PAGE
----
[ExI] Is this really the case?

Joseph Bloch joseph at josephbloch.com
Fri Jun 29 02:03:19 UTC 2007

> -----Original Message-----
> From: extropy-chat-bounces at lists.extropy.org [mailto:extropy-chat-
> bounces at lists.extropy.org] On Behalf Of Anna Taylor
> Sent: Wednesday, June 27, 2007 11:18 PM
> To: extropy-chat at lists.extropy.org
> Subject: [ExI] Is this really the case?
> Eliezer posted a video on Overcoming Bias regarding
> "Are Your Enemies Innately Evil?".  (I'm sorry, I'm
> sure how to post a link:)
> Is this really what it's like in the United States
> regarding religion?  I am rather curious as I read a
> lot but I haven't had much opportunity to travel.  I
> understand the Extropy List consists of many Atheists
> and wonder if this would be a reason why many of you
> have such a distaste for religion? If so, then my
> apology.
> Where I grew up religion was not the least bit like
> this. When I watched that video it made my skin crawl
> and my blood boil.  I remember thinking "that's not
> religion, that's boot camp for a Christian army".
> And what is this?  "There is only two kind of people
> in the world, people that love Jesus and people that
> don't"? That's not teaching children morals and values
> that's teaching children how anybody that's not like
> me is bad/evil or wrong. As it's a clip, I'm not sure
> what direction it's heading in but one thing is sure,
> if this is clip represents the truth of the mentality
> of the religious in the United States, I wouldn't give
> it any awards.
> I feel rather naive that I took so much time defending
> religion unaware that this type of evangelism was so
> widespread within the United States.
> If anybody has a moment and watches the clip, I would
> love some of your insight, offlist if preferable.

I actually had the opportunity to watch the entire documentary, twice. It is
indeed indicative of the practices of a segment of the religious community
in the United States. It is, of course, an extreme example, but not one that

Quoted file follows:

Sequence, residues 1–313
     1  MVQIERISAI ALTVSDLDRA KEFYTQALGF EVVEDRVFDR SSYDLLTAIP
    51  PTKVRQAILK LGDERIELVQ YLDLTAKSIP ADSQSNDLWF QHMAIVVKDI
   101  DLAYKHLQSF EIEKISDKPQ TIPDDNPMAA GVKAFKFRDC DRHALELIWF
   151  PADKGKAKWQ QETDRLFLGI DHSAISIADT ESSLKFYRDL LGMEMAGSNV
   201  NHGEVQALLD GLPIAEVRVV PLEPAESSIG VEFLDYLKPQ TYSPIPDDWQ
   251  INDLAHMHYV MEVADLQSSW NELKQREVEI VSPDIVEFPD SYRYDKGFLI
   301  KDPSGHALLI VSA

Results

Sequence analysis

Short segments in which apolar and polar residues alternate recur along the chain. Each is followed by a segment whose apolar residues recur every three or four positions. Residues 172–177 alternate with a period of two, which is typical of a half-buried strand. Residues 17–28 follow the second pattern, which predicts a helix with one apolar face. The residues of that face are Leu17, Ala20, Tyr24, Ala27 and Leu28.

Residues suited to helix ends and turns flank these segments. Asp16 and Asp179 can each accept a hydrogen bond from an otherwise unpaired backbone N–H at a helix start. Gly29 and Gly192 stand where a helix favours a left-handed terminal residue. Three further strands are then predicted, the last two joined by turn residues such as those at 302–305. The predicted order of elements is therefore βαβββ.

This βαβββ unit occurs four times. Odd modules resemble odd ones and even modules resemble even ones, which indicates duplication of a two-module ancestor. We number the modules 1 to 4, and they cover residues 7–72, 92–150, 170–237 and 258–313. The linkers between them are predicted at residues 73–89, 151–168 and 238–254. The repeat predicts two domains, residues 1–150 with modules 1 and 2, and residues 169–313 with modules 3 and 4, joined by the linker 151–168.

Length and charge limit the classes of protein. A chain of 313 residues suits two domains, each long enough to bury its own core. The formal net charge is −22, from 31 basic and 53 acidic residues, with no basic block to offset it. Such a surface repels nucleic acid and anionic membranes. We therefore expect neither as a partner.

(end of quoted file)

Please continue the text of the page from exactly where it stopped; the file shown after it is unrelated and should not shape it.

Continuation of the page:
is completely outside the mainstream. There is a significant segment of the
Pentecostal/Evangelical Christian movement that sees nothing wrong
whatsoever in ensuring that their children believe precisely what they
believe, by any means necessary. Google the term "Dominionism" and you will
learn much. 

And, in fact, there are those who compound that belief with the idea that
they should have as many children as possible, in order to produce as many
kids for Christ as possible:


They also feel no qualms about directly manipulating the levers of power
within the United States to subtly (or, perhaps, not-so-subtly) bring their
own unique vision of American life to dominance within the culture. One
well-documented effort is the one to install their sympathizers into the
United States Air Force Academy, and thereby use all manner of coercion to
bring the Air Force Cadets around to their way of thinking:


And also the terrific and terrifying (especially to a USAF veteran such as
myself) book:


This is not to say that the Dominionists and their ilk are representative of
a majority of the religious practitioners in the United States. They are,
however, very well organized, highly motivated, and enjoy a level of
influence which is disproportionate to their numbers.

This is, of course, something that should be alarming to Transhumanists and
Extropians on several different levels. Not only do such people, as a rule,
actively oppose many biotechnological advances that we would endorse as part
of our goal of overcoming human limitations through technology, but the
entire idea of the type of ideological indoctrination, the hostility to free
inquiry, that so alarmed you in that clip is and should be anathema to us. 

Bottom line; it is indeed the case that some American religious folks are
like this, but they are only a minority. A vocal, influential minority bent
on gaining more influence, but a minority nonetheless. 

One that we should be aware of as a potential threat to our own objectives. 


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